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No. 58: Jul-Aug 1988

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Has the speed of light decayed?

In a recent technical report, The Atomic Constants, Light, and Time, T. Norman and B. Setterfield answer this question affirmatively. Scientific creationists have in the main welcomed this report, because its findings are consistent with their desire to prove the earth very young. However, G.E. Aardsma, at the Institute for Creation Research, in California, urges caution:

"Measurements of the speed of light have been made for the past three hundred years which could potentially provide the required empirical basis. Norman and Setterfield tabulate the results of 163 speed of light determinations in The Atomic Constants, Light, and Time, and claim clear support for the decay-of-c hypothesis from this data set. [c= velocity of light] My inability to verify this claim when this data set was subjected to appropriate, objective analyses is the motivation for this article which is intended to caution creationists against a wholesale, uncritical acceptance of the Norman and Setterfield hypothesis. At the present time, it appears that general decay of the speed of light hypothesis is not warranted by the data upon which the hypothesis rests."

(Aardsma, Gerald E.; "Has the Speed of Light Decayed?" ICR Impact Series no. 179, May 1988.

Comment. Thus, American creationists concur with what Australian scientists have already concluded. (Bridgstock, Martin; "Creation Physics," Search, 17:141, 1986. Cr. R. Molnar.)

Reference. Historical measurements of the speed of light are recorded in our handbook: Mysterious Universe. To order, visit: here.

Velocity of light versus year Measurements of the velocity of light (c) versus year, as plotted by Aardsma. VErtical lines are error bars.

From Science Frontiers #58, JUL-AUG 1988. 1988-2000 William R. Corliss

Science Frontiers Sourcebook Project Reviewed in:

Quotes

  • "A sourcebook of unexplained phenomena is therefore a valuable addition to a collection of scientific literature. William R. Corliss has provided this in the past with his source books of scientific anomalies in several subjects, and now he has provided it for astronomy. He has done an excellent job of collecting and editing a large amount of material, taken in part from scientific journals and in part from scientific reporting in the popular or semi-scientific press." -- "The Mysterious Universe: A Handbook of Astronomical Anomalies", reviwed by Thomas Gold, Cornell University, in Icarus, vol.41, 1980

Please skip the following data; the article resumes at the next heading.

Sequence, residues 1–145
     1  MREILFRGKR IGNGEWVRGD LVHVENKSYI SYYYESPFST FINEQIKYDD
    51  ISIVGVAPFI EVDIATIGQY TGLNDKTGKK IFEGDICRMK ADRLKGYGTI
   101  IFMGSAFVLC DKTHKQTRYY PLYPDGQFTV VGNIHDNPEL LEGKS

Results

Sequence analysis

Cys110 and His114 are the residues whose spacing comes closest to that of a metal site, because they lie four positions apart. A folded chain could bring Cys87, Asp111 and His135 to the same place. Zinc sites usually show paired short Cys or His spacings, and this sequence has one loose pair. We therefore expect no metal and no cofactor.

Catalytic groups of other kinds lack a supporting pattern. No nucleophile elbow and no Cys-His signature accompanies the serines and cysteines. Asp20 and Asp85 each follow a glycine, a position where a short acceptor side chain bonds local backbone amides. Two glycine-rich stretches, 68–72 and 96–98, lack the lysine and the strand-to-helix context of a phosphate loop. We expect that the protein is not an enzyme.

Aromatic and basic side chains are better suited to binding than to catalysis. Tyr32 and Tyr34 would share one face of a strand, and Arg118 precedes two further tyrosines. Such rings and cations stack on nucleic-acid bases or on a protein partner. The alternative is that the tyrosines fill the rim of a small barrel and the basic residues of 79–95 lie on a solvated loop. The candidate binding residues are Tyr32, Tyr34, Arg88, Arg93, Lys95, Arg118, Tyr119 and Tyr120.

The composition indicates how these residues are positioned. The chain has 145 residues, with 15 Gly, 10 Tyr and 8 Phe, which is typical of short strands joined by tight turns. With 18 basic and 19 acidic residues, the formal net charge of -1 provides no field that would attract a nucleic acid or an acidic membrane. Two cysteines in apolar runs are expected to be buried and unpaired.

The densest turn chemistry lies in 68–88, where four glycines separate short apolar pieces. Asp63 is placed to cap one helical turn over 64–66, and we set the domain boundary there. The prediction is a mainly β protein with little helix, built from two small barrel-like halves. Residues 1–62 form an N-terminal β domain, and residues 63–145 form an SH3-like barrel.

• "An interesting, systematic presentation of unusual weather [..] This book is recommended for a general audience" --"Corliss, William R., Tornados, Dark Days, Anomalous Precipitation, and Related Weather Phenomena, Sourcebook Project, 1983.", revieweed in Choice, September 1983
  • "..the science is necessarily somewhat speculative, but Corliss's symthesis is based on reputable sources." -- "Corliss, William R. (Compiler). Lightning, Auroras, Nocturnal Lights, and Related Luminous Phenomena" reviwed by Joseph M. Moran, Univ. of Wisconsin in Science Books and Films, Sep/Oct 1983

  • "Before opening the book, I set certain standards that a volume which treads into dangerous grounds grounds like this must meet. The author scrupulously met, or even exceeded those standards. Each phenomenon is exhaustively documented, with references to scientific journals [..] and extensive quotations" -- "Book Review: The moon and planets: a catalog of astronomical anomalies", The Sourcebook Project, 1985., Corliss, W. R., Journal of the Royal Astronomical Society of Canada, Vol. 81, no. 1 (1987), p. 24., 02/1987